What exactly is ‘Public Liability insurance’?

Public Liability insurance is not a legal requirement, but it is very important to have. Especially when there is a potential risk to public safety — as there will be in all establishments.

If you are lucky, thousands of people will want to spend their leisure time at your nightclub or bar, but as the people multiply so does the chance of an accident. Some of the most common accidents include customers slipping, or tripping. All it takes is for a spilled drink in the early hours on a busy weekend and you could have a claim on your hands. Public Liability really is a must. We would not offer cover without it, and nor should any other credible bar or nightclub insurance package.

In some cases Public Liability insurance is a requirement, if the bar or nightclub has an overseeing regulatory or membership body that requires it.

The rest: Building cover, Contents cover, and ‘Business Interruption’ insurance

With EL and PL insurance, the most important thing is everybody has a safety net. But then there is also the matter of the building itself, and the equipment and other assets. There are the usual covers, such as building and contents cover. These insurances protect not only the infrastructure but the speakers and laser systems. But there is another type of cover that you might not know about: Business Interruption.

It is not nice to think about, but sometimes disaster does strike. Depending on the circumstances, some venues may even have to close trading for a period of time. This is where Business Interruption becomes so invaluable. Business Interruption is different from typical building insurance. It covers the profit loss a venue may suffer as a result of stopping trading.

Business Interruption is surprisingly underappreciated. With one survey finding only 46 per cent of business owners could provide the relevant Business Interruption paperwork to insurance companies.

It is important to understand that in order for Business Interruption insurance to be viable, the building itself must be insured. It must also be clear that the physical damage to the building or property is what prevents the venue from trading. For example, if a venue is flooded, or scorched by fire, then the damage sustained might be too great for it to open and continue trading.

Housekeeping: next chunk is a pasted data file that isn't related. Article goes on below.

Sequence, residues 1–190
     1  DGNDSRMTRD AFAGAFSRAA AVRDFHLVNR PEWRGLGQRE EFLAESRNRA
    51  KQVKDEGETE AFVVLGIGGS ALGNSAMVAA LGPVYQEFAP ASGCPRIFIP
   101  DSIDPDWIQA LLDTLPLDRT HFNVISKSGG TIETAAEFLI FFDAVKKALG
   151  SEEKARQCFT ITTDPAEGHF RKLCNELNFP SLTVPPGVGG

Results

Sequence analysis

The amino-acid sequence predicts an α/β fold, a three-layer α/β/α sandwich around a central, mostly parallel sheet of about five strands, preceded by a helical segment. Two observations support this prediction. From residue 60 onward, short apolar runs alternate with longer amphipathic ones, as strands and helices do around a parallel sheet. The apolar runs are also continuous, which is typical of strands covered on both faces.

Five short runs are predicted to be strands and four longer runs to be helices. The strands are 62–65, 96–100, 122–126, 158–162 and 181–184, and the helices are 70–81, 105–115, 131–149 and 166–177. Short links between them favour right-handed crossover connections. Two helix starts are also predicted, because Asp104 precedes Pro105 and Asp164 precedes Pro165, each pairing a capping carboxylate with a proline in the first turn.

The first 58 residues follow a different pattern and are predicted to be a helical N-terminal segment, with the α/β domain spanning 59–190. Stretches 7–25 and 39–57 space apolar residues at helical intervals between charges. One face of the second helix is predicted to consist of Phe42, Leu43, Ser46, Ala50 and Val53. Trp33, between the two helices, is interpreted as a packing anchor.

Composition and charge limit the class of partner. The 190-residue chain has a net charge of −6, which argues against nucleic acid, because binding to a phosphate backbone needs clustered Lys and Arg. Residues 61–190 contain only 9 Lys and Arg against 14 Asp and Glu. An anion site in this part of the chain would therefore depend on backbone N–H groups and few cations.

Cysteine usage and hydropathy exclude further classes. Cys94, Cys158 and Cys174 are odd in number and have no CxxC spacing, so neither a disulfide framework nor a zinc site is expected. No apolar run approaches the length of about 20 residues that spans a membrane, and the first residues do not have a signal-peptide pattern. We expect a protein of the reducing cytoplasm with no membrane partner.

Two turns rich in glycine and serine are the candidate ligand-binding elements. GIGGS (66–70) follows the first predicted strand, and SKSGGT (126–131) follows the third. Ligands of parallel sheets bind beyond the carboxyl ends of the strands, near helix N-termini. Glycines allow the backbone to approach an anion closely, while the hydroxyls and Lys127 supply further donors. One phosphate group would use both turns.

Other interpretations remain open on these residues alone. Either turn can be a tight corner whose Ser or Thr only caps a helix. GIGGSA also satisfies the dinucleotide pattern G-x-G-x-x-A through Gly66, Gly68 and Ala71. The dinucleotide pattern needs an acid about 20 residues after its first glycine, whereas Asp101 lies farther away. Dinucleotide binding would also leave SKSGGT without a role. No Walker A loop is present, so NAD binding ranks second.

In that case, the safety net Business Interruption insurance provides would be invaluable.

And finally… Get the word out!

So you have managed the budget, found a suitable location, and hired suitable staff. If you already have a great theme (or themes) in mind then well done. Already your establishment is head and shoulders above the rest. With all these factors in place, now you can start to think about what the nightclub or bar will look like when it is open.

Here are a few tips to hit the ground running:

  • Give it a great name. It doesn’t have to be anything super creative, just memorable.
  • Design a smart looking website that shows you mean business.
  • Put in place a social media campaign and establish a digital ‘fan base’.
  • Promote your deals, events, and themes in advance (but not too far in advance, otherwise people are likely to forget).
  • Make a schedule, so you can plan ahead effectively.
  • Remember to keep the momentum; don’t let clubbers and customers forget you exist. Remind them why the best night out is always at your venue.

Remember that, for any bar or nightclub to thrive, an adequate level of insurance cover is a must. If you need more information then the experts at NDML are ready to help. NDML provide Bar & Nightclub insurance in one complete package, leaving no stone unturned; for convenience and ease of mind. For more information click here and click here to contact us.

By | 2018-07-30T12:03:04+00:00 July 30th, 2018|Articles|0 Comments

About the Author:

Sam is NDML's Social Media Manager. If you have any questions about NDML, our products, or press enquiries, you can find him on Twitter @RomeroSocialSH